Practically, it was a fantastical proposal which involved the territorial redistribution of Europe into six hereditary monarchies, five elective ones and four republics, making the Pope into the sovereign of most of Italy and ceding Sicily to Venice. All of this would be governed by what Sully called ‘le conseil général de l’Europe‘ and which, significantly, he likened to the ‘Amphictions of Greece’. (These leagues of the Greek city states were the model used by Immanuel Kant for his ‘league of peoples’ and by James Madison for the future United States.)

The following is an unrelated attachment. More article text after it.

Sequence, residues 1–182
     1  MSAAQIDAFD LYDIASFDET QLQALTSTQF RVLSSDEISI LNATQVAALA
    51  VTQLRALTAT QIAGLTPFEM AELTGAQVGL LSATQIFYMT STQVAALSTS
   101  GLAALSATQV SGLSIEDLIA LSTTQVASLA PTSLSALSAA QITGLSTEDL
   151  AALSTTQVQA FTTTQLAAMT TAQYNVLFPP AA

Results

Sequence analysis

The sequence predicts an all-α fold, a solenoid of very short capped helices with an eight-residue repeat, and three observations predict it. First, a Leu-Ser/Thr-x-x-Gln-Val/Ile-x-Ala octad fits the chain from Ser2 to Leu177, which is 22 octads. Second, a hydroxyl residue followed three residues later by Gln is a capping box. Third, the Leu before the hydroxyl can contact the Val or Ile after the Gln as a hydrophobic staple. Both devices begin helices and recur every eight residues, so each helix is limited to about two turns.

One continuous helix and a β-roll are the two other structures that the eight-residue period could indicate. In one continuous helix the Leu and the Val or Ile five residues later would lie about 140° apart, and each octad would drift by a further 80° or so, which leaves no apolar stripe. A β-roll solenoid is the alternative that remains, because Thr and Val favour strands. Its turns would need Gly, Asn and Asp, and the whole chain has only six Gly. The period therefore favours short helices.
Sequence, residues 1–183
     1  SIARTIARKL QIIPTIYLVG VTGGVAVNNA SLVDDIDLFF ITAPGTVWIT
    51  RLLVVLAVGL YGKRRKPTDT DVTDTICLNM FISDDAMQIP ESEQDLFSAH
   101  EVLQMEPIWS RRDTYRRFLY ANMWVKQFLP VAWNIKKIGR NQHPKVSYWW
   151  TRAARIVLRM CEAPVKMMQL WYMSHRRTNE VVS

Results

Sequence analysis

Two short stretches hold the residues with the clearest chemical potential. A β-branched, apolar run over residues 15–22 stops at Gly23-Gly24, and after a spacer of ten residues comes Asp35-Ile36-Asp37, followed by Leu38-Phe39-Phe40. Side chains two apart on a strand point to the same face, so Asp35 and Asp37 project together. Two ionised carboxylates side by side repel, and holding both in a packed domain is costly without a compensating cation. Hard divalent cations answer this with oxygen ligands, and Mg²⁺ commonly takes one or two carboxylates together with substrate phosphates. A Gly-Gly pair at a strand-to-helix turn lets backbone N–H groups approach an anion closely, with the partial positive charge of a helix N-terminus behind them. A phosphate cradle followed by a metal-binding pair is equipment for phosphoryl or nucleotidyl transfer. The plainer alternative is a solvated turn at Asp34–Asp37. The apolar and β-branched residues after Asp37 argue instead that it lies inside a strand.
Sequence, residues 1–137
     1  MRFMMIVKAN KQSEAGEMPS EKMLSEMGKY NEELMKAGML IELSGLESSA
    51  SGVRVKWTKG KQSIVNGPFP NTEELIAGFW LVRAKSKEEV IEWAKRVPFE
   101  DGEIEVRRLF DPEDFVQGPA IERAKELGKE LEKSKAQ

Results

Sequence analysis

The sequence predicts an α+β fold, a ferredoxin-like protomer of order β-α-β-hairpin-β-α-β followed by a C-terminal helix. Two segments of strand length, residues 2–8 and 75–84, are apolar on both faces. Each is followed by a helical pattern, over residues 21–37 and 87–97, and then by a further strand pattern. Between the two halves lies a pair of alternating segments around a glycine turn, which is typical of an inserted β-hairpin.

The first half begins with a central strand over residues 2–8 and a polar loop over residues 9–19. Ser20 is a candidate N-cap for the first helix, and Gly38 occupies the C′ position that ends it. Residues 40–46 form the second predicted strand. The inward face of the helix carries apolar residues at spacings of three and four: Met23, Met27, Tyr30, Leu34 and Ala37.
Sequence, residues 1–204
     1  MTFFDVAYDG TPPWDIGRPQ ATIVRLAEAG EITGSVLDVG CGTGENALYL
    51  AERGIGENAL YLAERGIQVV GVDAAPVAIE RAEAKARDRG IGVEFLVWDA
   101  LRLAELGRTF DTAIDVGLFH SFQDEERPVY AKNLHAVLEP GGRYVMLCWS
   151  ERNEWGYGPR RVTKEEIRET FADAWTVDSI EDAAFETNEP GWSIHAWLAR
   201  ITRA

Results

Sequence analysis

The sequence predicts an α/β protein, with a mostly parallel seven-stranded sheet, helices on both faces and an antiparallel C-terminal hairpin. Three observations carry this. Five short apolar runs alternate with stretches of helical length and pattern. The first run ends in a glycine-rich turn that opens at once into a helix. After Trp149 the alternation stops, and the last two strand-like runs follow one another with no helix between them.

Both the New Cyneas and the Grand Design were written during the Thirty Years War and both were offered as thinly veiled attempts to find a resolution to the religious conflicts which had convulsed Europe for over a century. The Treaty of Westphalia, which brought the Thirty Years War to an end in 1648, pointed however towards a very different future for the continent – what came to be called the ‘Europe of Nations’, based upon a Hobbesian idea of the nation as a single body of people, with a single religion and a single source of sovereignty. While this could, and did, resolve the religious conflicts of which the Thirty Years War had been the last and most devastating, it offered no prospect for an end to warfare as such. The Franco-Dutch War followed between 1672–78; the War of the Spanish Succession between 1701–14; the so-called War of Jenkins’ Ear from 1739–48; the War of the Austrian Succession between 1740–48; and between 1756–63, the Seven Years War, the bloodiest of them all and, as it raged from Pomerania to India, arguably the first true world war. The concept of undivided sovereignty which had served to end one kind of conflict would seem to have only exacerbated all others. This vision of sovereign power – in the telling phrase of the seventeenth-century French jurist, Cardin Le Brett, ‘as indivisible as a point in geometry‘ – has remained the major intellectual obstacle in the path of European unity from that day to this.